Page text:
8:40~9:30: Taught a joint-class with my friend Mrs. Eguchi, to give our 11th Graders a chance to ask any last questions they might have on the articles they have been reading in “Girls’ Life” magazine before the test. Slow bunch...there were not many questions!

9:40~10:30: Taught 7th Graders all about prepositions of place and reviewed the gestures we made up for them: On= hand on your head. Above= Hand above your head, In= finger pointing in mouth, etc. Gave them a quiz and sang “There were 10 in the Bed” song.

10:40~11:30: Went to observe one of our student teacher’s classes (she is also a former student of the school). The content was about Hawaiian and she started the class with “Aloha”. Things get blurry in the class after that, as my mind was racing ahead in the day...

11:30~12:20: Finished printing, collating, stapling together and folding the prints I needed for the talk I was giving in Kofu city the next day. I finished just as the chime rang for the end of the hour.

12:20~ 1:10: I raced home and finished packing for my trip to Kofu city (two hours away in another prefecture of Japan). I ate a popsicle for “lunch” and sat under my air conditioning for ten minutes because it is still grotesquely hot here...Rolled my suitcase back to school, stuffed it in the womens’ locker room and dashed back upstairs for 5th hour class.

1:15~2:05: Taught the 10th grade South class about making and replying to requests and had them tell me about their summer vacations in three sentences in front of the class. When they finished, one of their friends had to ask them a question. Fun for all (and easy for a tired teacher..).

2:15~ 3:05: Used nearly the same exact lesson plan for the 10th grade East had been a very long time since I had seen them, though, and so spent even longer on summer speeches.

3:15~3:45: Changed in to a T-shirt, jeans and apron to supervise (and help) 12 girls do “Chu-Soji” which means “Medium Cleaning” in the auditorium before our school festival this coming weekend. They had to sweep between seats for 1500, wipe down the wooden arm rests (not ALL 1500 though...) and sweep the stage. We found a pair of shorts in the aisles and had a good laugh about who forgot them there...various teachers names were offered...literally whistling while we worked (the auditorium has great acoustics), cleaning went by pleasantly.

3:46: Realized I had forgotten to pack the ONE shirt I wanted to wear for my presentation...changed back in to teacher clothes.

3:50~4:30: Practiced with a student who is participating in the Prefectural English Speech Contest soon....she speaks well but needs some more practice with her gestures and timing.

4:35: Dashed home ONCE MORE for the forgotten shirt...doused my body with a cooling powder spray, then dashed back to school.

4:55: Grabbed my suitcase from the womens’ locker room and met another teacher I was traveling with in front of the school to wait for our taxi.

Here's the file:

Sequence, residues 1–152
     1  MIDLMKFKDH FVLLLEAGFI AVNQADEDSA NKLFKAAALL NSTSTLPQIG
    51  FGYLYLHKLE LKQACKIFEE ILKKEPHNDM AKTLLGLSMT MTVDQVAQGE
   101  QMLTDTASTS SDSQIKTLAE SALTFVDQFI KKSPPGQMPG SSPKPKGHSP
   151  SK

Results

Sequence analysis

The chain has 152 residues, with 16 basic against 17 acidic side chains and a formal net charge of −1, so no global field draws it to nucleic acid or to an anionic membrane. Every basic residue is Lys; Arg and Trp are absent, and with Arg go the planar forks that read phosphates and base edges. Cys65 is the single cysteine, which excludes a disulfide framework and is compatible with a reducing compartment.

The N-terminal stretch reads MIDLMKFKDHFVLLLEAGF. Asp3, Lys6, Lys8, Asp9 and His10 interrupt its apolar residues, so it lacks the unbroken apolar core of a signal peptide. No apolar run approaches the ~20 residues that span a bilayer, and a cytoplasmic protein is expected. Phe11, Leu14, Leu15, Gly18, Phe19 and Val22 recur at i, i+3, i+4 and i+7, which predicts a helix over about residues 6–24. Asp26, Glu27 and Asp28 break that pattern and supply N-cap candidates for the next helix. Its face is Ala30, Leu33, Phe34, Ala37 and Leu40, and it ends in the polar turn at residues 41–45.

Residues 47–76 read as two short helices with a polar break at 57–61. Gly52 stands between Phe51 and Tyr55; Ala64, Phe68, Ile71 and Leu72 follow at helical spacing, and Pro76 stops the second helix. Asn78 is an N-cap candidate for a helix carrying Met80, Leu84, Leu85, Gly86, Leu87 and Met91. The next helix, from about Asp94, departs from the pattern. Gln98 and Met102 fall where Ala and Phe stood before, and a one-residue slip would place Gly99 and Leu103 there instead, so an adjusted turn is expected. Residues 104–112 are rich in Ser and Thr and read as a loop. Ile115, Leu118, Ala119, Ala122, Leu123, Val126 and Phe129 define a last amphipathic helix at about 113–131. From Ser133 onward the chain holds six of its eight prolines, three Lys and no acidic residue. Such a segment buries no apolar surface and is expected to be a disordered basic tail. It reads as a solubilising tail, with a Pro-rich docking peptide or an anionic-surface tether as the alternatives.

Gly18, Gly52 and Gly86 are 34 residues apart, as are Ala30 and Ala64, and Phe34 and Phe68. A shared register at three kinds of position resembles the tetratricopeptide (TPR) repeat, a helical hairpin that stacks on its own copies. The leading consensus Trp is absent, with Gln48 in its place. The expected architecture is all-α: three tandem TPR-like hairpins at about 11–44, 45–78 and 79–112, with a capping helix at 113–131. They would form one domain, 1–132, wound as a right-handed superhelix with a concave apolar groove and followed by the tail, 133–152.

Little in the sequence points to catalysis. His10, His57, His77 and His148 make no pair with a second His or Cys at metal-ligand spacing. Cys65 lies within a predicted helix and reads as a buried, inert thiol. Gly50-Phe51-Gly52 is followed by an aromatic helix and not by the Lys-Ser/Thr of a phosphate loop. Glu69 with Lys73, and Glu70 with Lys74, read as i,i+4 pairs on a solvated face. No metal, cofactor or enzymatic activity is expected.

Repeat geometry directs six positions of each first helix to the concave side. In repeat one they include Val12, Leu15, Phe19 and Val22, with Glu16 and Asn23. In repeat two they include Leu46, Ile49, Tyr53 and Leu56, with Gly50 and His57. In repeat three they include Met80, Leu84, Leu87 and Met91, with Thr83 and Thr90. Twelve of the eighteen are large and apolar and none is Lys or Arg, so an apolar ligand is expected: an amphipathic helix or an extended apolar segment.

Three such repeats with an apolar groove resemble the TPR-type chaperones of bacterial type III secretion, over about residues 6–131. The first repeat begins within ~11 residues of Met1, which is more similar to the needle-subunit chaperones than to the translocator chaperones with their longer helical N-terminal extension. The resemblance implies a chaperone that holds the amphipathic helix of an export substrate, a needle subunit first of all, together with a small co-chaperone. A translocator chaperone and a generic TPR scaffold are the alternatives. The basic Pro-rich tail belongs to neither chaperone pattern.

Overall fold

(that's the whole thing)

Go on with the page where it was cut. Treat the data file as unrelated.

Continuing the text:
5:00: Watched (no, in this heat, I MARVELED) as several girls from the cross country team came running back through the school gate from a long run in the park....

5:05: Got in the taxi, rode to the station.

5:15: Bought some bottled water, a newspaper, and some VERY CUTE “Shinkansen (bullet train) Goods” which I had JUST read about in the newspaper (and which are pictured above). Thought briefly about getting something to eat for dinner but decided to wait—surely there would be something on the train.

5:40~... There was nothing on the train. About half way through the two hour train trip I find some old Tic-Tacs I have in my bag and snack on those to tide me over.

7:10~ The other teacher is snoozing and I am listening to a Wait, Wait, Don’t tell Me podcast when WHAM! There is a horrible, horrible noise that comes from the train and the tracks below us. Immediately everyone is wide awake, big-eyed, and silent. We are all looking at one another for some kind of explanation but there isn’t one. As the train screeches to a halt, I realized I was bracing myself to by hit by another train (gruesome thought, I know!). Luckily, the conductor came on to say that we had hit an animal on the track. I was relieved that there wasn’t going to be another train involved, but I couldn’t imagine what kind of animal it was. We were half an hour late and our Principal, who had gone up earlier in the day, called to ask where we were...he was waiting for us at the station.

8:15 p.m. It is now nearly 8 hours since my pathetic popsicle lunch and the Tic-Tacs are doing nothing to stop the growling sounds my stomach is making. We decided to go to an Italian place in the station and ordered some local wine- the area is famous for it. Without that wine and my raging appetite, I don’t think I would have eaten most of that food...what is it about fake Italian places thinking they can fool people with ketchup in place of tomato sauce?! I was too tired and hungry to care though.

9:15: We checked in to the Royal Garden Hotel (not “royal” at all and no “garden” in sight!) and said our goodnights. I started peeling out of my clothes as I was locking the door and stood in the shower for 25 minutes.

9:45: It wasn’t until I was out of the shower that I realized the room was like an ice I spent about ten minutes searching for the controls. I had no luck and of course I was wide awake after the long shower, so I watched weird game shows and a mesmerizing documentary about people who have brains with “total recall”...I couldn’t turn it off!